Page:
A new initiative launched by Equality Florida aims to combat the spread of HIV through education, and maybe an update in statutes pertaining to draconian HIV criminalization laws, which do nothing but strengthen the stigma poz people and their allies fight so hard to diminish.
When it comes to new HIV diagnoses, Florida has outpaced any other state in America, and The HIV Advocacy Project hopes to educate the population about the truth of living with the virus today. Equality Florida hopes to convince lawmakers to update regulations that effectively expose individuals to criminal prosecution once heir status is known.
“It’s important to put a story and face to HIV,” says Alejandro Acosta, coordinator for the HIV Advocacy Project. To a degree, Acosta provides that face himself, having lived for years knowing he was HIV-positive. He chooses not to disclose the number of years in part because of the hefty risks that come with it. “I hesitate to tell that because of how people can use that information,” he explains. “I am a victim of those laws.”
People living with HIV can potentially face up to 30 years in prison for failing to disclose their status to a consensual partner before any sexual contact, even if transmission isn’t possible. As the laws stand, prosecutors can pursue convictions whether a partner contracts the virus or doesn’t.
Three years ago, one Palm Beach prosecutor arrested a Lake Worth man and sought 10 separate charges of failing to disclose his status with a girlfriend, then went to the press, asking members of the public to come forward if they’d had sex with the defendant in the past eight years.
Stories like this, Acosta says, do little to encourage people to get tested. That’s troubling, given that in 2016, 4,972 people were newly diagnosed in the state of Florida — more than any other state. The increase largely occurred in the state’s metropolitan areas, like Miami, Orlando, Tampa, Fort Lauderdale and Jacksonville.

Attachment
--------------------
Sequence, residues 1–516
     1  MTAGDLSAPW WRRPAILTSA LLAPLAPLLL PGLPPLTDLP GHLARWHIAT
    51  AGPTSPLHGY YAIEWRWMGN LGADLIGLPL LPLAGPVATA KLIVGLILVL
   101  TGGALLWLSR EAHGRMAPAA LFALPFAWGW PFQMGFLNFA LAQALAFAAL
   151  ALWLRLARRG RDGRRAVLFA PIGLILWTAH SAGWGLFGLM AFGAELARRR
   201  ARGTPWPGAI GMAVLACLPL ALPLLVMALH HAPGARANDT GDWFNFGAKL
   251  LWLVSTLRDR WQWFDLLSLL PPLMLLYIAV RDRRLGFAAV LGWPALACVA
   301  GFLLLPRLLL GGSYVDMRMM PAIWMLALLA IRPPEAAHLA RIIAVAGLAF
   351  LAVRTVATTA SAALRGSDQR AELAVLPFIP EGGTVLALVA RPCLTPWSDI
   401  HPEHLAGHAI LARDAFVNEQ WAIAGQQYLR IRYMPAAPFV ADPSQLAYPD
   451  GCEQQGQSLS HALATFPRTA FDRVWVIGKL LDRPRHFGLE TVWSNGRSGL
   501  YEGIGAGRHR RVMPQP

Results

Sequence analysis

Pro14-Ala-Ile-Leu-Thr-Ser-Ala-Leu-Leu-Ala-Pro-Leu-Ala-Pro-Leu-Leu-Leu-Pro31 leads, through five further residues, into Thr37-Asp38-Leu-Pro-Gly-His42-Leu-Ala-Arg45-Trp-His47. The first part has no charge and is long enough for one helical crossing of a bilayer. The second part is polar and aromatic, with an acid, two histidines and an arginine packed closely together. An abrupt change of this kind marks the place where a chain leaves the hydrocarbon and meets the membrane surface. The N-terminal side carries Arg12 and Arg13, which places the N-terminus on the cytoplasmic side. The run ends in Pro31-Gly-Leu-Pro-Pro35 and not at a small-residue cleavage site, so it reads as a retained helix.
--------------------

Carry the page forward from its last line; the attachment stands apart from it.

Gay and bisexual men in the state continue to live at a higher risk of transmission, as do trans women of color. Equality Florida estimates another 20,250 individuals in the state are HIV-positive but don’t know for lack of testing.
Hannah Willard, senior policy director for Equality Florida, says it’s important that LGBTQ advocates not ignore the challenges facing poz individuals, adding, “HIV never stopped being an LGBTQ issue. It’s still an issue of racial and economic injustice.”
In the past, Equality Florida has been involved with the Florida HIV Justice Coalition, alongside The Sero Project, AIDS Healthcare Foundation, the American Civil Liberties Union of Florida, Lambda Legal, SAVE and the Southern Poverty Law Center. The organization’s work has been possible through an AIDS United Foundation grant.
Florida’s law requiring disclosure with partners dates back to 1997, when Florida legislators added HIV to a list of diseases that were criminal not to disclose. The list includes other sexually transmitted diseases like gonorrhea, herpes, and syphilis.
The 1997 law provides confidentiality in investigations to those reporting a violation, and it also ignores that individuals being treated for HIV today can contain the disease both to the point where it’s undetectable and not transmittable.